Probably one of the more challenging fish to raise in an aquarium, the Dragon Goby is uniquely long and has a very interesting aesthetic, in terms of colors and shape. They’re also very skittish and are primarily found in brackish water.
Because they are skittish fish, Dragon Goby will bury themselves in the silt or even the heavier layers of sand beneath them. They aren’t as successful at this type of behavior as flounders, but they are capable of partly or wholly concealing themselves below the substrate.
Burying themselves isn’t the only way for the Dragon Goby to hide, either. If you have a lot of decorative or structural hiding places in your aquarium, you’ll often find your Dragon Goby there, whether it’s a cave, shipwreck, tunnel, castle, or house.
Their skittish behavior requires a degree of finesse when it comes to your design features inside your aquarium. If you leave them no choice but to stay out in the open, you will find yourself burdened with an unhappy Dragon Goby.
Is a Dragon Goby Reef Safe?
Most Dragon Goby are considered to be reef safe, however, the way that they consume their food has the potential for a slight degree of harm towards reef material that is very close to the bottom of your tank.
What a Dragon Goby does is suck up a mouthful of sand, consuming the tiny microorganisms before ejecting the sand out through their gills. The problem is not that they do this, but where they do it.
Once a Dragon Goby sucks in all of that sand, it may blow it out so that it sprinkles down onto the reef, which may or may not cause damage over time. Fortunately, that’s just about the worst of it and, for the most part, your Dragon Goby and your reef are safe for each other.
Is the Dragon Goby Brackish?
The Dragon Goby’s native habitat is brackish water, such as you would find in bays, ocean-fed streams, channels, and inlets. Therein lies the problem for Dragon Goby fish. Since they must live in an environment that is roughly 25% of the salinity of ocean water, that limits the other species that can live with it.
There aren’t very many fish species, that also happen to make good aquarium compatriots, that can go in your aquarium with a Dragon Goby. Also, the Dragon Goby really requires a great deal of space to be a happy and curious fish.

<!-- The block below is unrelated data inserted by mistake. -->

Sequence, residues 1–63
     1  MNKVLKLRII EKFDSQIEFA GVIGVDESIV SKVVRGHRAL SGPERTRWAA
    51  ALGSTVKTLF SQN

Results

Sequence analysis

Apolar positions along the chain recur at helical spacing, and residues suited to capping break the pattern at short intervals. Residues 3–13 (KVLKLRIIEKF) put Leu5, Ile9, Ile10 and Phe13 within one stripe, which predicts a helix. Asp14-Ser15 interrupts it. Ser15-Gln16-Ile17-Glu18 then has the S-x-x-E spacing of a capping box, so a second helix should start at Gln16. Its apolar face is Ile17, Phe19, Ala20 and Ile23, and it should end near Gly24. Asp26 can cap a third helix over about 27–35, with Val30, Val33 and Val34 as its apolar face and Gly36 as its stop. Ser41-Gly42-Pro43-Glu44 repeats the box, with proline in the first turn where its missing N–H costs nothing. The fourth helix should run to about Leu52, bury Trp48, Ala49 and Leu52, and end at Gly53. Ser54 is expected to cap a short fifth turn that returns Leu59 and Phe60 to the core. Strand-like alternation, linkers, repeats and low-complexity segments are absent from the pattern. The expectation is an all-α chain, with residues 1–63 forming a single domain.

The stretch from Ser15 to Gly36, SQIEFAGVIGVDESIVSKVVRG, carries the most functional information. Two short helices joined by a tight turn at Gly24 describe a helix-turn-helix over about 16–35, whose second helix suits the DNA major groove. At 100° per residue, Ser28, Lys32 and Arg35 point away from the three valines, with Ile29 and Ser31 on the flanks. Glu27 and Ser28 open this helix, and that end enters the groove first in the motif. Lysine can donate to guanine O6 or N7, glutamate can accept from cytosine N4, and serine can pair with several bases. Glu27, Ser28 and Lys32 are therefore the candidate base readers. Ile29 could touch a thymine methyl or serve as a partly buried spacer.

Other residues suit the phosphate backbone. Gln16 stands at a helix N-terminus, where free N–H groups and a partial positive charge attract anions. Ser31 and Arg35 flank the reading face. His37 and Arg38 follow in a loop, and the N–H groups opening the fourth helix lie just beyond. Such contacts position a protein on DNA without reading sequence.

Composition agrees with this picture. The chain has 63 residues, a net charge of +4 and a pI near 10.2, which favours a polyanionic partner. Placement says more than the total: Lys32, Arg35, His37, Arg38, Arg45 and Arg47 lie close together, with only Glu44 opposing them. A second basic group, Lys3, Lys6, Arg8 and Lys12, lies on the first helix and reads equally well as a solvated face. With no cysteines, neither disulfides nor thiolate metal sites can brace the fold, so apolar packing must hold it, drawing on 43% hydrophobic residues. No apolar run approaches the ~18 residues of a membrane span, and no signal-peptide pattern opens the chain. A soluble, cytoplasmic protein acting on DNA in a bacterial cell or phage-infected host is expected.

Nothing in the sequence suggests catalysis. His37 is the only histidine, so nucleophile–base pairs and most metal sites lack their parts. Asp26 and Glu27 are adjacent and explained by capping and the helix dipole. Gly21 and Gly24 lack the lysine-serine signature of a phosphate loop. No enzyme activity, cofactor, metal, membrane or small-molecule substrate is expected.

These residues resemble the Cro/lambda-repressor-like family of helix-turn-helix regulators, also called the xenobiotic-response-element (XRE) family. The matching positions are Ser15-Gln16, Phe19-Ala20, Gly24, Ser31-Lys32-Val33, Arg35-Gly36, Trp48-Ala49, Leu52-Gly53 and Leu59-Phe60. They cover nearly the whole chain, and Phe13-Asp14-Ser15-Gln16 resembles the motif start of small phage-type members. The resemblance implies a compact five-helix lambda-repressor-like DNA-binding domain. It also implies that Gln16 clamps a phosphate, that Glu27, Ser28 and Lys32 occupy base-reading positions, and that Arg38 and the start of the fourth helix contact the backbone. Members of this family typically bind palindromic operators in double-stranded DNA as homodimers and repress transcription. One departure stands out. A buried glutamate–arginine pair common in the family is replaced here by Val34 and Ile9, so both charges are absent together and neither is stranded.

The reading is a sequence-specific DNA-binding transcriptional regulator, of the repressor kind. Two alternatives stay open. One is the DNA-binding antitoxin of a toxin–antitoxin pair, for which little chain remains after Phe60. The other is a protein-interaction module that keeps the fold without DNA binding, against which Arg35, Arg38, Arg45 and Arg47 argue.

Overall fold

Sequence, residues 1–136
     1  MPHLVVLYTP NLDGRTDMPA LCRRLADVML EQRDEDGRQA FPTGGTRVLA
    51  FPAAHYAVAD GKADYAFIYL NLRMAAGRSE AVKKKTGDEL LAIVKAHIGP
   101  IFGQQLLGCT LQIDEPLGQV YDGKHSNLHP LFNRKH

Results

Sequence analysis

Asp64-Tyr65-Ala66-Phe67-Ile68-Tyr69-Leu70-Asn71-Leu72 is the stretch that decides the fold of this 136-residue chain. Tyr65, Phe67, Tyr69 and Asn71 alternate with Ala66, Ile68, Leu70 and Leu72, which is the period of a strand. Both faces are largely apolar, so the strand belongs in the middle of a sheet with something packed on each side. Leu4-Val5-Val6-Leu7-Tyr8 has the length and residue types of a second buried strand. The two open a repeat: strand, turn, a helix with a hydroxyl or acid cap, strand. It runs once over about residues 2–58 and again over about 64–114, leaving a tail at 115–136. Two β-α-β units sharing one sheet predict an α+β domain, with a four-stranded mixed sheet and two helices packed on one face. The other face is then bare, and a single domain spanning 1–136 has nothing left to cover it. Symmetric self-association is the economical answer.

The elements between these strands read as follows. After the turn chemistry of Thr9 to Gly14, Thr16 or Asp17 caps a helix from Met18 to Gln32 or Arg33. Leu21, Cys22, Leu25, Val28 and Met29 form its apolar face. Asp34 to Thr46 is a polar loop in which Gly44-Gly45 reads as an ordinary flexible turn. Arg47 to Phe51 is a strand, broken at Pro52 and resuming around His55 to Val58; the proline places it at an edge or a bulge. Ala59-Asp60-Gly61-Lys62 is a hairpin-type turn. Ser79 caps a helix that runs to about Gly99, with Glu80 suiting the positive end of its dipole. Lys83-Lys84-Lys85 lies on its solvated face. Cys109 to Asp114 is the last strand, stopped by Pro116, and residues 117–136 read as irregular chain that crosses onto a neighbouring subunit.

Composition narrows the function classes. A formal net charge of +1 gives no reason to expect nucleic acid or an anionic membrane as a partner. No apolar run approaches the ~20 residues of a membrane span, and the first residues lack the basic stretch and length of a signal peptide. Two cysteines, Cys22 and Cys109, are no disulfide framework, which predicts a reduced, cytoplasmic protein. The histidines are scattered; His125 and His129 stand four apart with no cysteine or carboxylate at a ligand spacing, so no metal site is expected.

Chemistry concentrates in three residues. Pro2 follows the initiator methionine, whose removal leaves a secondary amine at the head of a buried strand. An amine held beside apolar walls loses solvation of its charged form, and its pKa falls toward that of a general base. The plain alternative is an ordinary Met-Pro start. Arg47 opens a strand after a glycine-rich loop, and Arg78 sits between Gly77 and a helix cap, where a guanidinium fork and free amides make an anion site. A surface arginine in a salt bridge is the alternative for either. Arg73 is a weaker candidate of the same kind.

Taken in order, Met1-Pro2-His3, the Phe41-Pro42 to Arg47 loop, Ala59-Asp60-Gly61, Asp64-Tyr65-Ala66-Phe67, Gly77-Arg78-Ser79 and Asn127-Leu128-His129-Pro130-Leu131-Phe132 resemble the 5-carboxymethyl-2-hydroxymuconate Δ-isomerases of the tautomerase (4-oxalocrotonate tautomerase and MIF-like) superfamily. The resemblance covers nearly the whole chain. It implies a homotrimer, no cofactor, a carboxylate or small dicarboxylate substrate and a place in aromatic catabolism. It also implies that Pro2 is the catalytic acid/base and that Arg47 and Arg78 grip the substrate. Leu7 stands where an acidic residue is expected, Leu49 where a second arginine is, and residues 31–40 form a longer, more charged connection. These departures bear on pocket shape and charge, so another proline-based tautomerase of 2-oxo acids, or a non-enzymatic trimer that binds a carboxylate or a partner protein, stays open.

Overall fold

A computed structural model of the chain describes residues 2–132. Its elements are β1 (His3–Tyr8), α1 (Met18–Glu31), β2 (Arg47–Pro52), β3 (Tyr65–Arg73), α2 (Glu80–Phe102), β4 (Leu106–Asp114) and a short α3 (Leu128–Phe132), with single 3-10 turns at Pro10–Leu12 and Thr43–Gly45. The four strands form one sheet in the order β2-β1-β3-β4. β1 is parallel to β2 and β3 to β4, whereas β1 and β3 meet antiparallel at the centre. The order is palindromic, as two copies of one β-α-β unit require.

Although they are skittish, even a Dragon Goby can get lonely from time to time, and unless you want an aquarium entirely populated with Dragon Goby, you’ll have to get creative with fellow aquarium mates.
Monos, Scats, and Chromides will make good tank mates, however, like the Dragon Goby, these fish need a large environment. They also become quite large themselves. The Dragon Goby can get quite large on its own, and will generally grow to 15” in an aquarium.
Monos can grow to 10”, while Scats and Chromides can reach 12” apiece. So, if you’re considering a Dragon Goby, consider the tank size requirements as well as limitations on the kinds of fish that will thrive in a brackish water aquarium.
Is the Dragon Goby Aggressive?
For some odd reason, the Dragon Goby is often marketed as a highly aggressive fish. It’s a bizarre and absolutely incorrect assertion. Dragon Goby is not only relatively docile, but they are also very skittish and almost completely blind.
They are most happy with a sandy substrate in your aquarium because it allows them to bury themselves and hide. That’s not exactly the sign of a highly aggressive species. If you have a cave in your aquarium, your Dragon Goby will hide in it.
If you have plants, it will endeavor to remain behind them, coming out to get a bite to eat from the microorganisms that live in the sand. Dragon Goby will hide in just about any structure that you place inside your aquarium, and they’re certainly not going to speed out of the shadows to attack an equal or larger fish.
It’s unknown why it is marketed as an aggressive fish, so the only possible conclusion that anyone can reach is that the fish retailers who market Dragon Goby as such, have no idea what they’re talking about.
They may know a lot about Betta fish or the qualities of a starfish, but generally have no idea about the temperament of a Dragon Goby.
Do Dragon Gobies Need Sand?
Since this particular species appreciates a good burying, you would think that they would require sand as an essential component in their aquarium. And, you would be correct. Though they could probably get along without it, so long as they have a good place to hide, it wouldn’t make for a happy fish.
In fact, if you purchase a Dragon Goby, you will want to have an ample and deep supply of sand at the bottom of the aquarium. Dragon Goby tend to hover just above the sand and will live most of their lives in just that manner, slowly moving across the sandy bottom, occasionally taking a gigantic mouthful.
Do Dragon Gobies Clean the Sand?
A Dragon Goby is your best friend when it comes to keeping your sand clean in your aquarium. That’s because they feed on the organisms inside the sand, filtering the sand back out through their gills.
The organisms that live and grow in the sand can quickly become problematic if you don’t have an established cleaning routine where you filter or clean out your sand. The Dragon Goby will happily swim along the bottom, performing that function for you at a fairly quick rate.
Dragon Goby love to bury themselves and will frequently do so, even if they aren’t quite as efficient at it as other fish. It’s fun to watch, however, and owning a Dragon Goby can be a lot of fun. They are a little more on the demanding side, so it’s important to do your homework before you dive into that purchase.